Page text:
Today is International Women’s Day – make a pledge for parity

I have pledged to ‘help women and girls to achieve their ambitions’.

The most important determinant of a country’s competitiveness is it’s human talent via the skills and productivity of its workforce.

Organisations must illuminate the path to leadership, showing women the career and advancement opportunities that match their skills and professional objectives and provide the experiences necessary to fulfil their potential.

Individuals can commit to advocating for themselves, and when appropriate, becoming effective role models and sponsors of women to help them achieve their goals.

I first attended an Adam & Co (private bank) International Women’s Day (IWD) event about eight years ago. I was invited along to drink cocktails and chat to other women in business. At the time it felt more like a ‘girl power’ social event, not really getting to grips with the challenge of gender equality.

It wasn’t until I really had the opportunity to hear from a passionate CIPR board colleague Sarah Hall in 2014, where she led on a piece of work with the CIPR, which issued a commitment to its members and the wider Public Relations profession to tackle the issue of equal pay for women and gender balance in the workplace.

Sarah then went on to use the CIPR’s report (see below) to call the PR industry to action, to grow up and take equal pay seriously.

The current assumption that a gender pay gap exists solely as result of women starting families, taking extended maternity leave, and working part-time, can now be declared dead. This is firmly an issue of corporate culture.

About the PR balance

The CIPR’s research in 2015, “highlighted that a clear pay inequality gap of *£8,483 exists in favour of men, a figure that cannot be explained by any other factor such as length of service, seniority, parenthood, or a higher prevalence of part-time work amongst women. Findings also reveal the biggest influences on the salaries of all public relations professionals; with gender identified as the third biggest influence on salary, more so than education background, sector of practice, graduate status, and full-time/part-time status.”

In January this year the CIPR also held a debate at the House of Commons. The motion ‘Requiring large firms to publish pay data will end the gender pay gap in a generation’ was proposed by Mary Whenman, President at Women in PR and seconded by Lisa Townsend, a lobbyist and former Conservative parliamentary candidate. Sarah Pinch, CIPR Past President, led the opposition of the motion, and was supported by Stuart Bruce, CIPR Council member and Founder of Stuart Bruce Associates. Read the full report here.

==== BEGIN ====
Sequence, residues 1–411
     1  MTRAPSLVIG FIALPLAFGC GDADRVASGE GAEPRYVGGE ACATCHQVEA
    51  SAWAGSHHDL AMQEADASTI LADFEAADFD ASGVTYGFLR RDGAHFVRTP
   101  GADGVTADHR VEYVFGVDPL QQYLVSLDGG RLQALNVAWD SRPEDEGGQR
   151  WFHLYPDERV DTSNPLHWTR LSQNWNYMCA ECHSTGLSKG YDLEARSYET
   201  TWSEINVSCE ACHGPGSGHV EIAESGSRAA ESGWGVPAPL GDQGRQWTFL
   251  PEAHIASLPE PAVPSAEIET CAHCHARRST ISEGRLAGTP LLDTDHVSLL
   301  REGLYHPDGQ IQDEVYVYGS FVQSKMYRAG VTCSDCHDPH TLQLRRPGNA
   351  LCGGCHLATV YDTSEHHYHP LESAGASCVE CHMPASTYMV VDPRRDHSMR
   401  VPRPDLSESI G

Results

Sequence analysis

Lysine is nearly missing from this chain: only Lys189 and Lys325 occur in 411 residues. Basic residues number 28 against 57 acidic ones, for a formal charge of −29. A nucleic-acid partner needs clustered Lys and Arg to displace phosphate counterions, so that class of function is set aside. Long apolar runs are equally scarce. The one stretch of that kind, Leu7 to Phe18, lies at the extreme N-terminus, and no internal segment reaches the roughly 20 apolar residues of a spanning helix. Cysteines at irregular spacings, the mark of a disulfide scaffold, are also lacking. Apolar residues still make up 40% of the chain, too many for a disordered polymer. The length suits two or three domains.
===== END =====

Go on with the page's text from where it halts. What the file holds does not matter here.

The World Economic Forum in its Global Gender Gap Report 2015 estimates it will take until 117 years to achieve global gender parity in the workplace. One hundred and seventeen years until companies and governments are equally led by men and women. And 117 more years of talent pipelines and professional promise not fully realized. Read more here on the EY website. It’s right when it says “The world economy is driven by sustainable value and business growth, which depend upon attracting, optimizing and retaining all talent. It’s in every organization’s and every nation’s best economic interest to fully utilize and optimize the talents of women.”

ey-women-ff-infographics

This is not a tick-box exercise and it’s not for the feel good factor!

What can we do?

#1 Recruitment and selection process – fair decisions on salary and work

#2 Better access to training

#3 Encourage mentoring

#4 Expertise and knowledge, systems and processes ensuring equality

#5 Equal work within jobs

#6 Best practice with job reviews

#7 A path to leadership with career advancement opportunities

#8 Consider paternity leave and flexible working in your corporate culture

#9 Build supportive environments

The CIPR’s gender pay resources is a good place to start and the IWD website hosts many resources too.

I recently blogged on PR mentoring and I’m demonstrating my action with this pledge for parity (#pledgeforparity).

I’d also like to include The PRofessionals, Scotland’s first PR festival in this discussion; there will be a presentation by Sarah Hall, editor of #FuturePRoof and also a panel session on diversity which includes three international agency founders (Claes, Graham and Farzana). There will be an opportunity for questions and discussion, so let’s ask the speakers what they are doing about gender parity!

Play your part and make a pledge for parity

International Women’s Day 2016
#PledgeForParity is the International Women’s Day 2016 campaign theme. Take action. Make a pledge below to help accelerate gender parity.

 

*Please note: findings revealed a gender pay gap of £12,591 in public relations. The pay inequality gap was revealed after detailed regression analysis, the details of which can be found in the final 2015 CIPR of the Profession report.

Infographic credit: EY

Thanks for reading this blog post by me, Laura Sutherland. I encourage you to share it with colleagues and peers and challenge them to make a pledge for parity.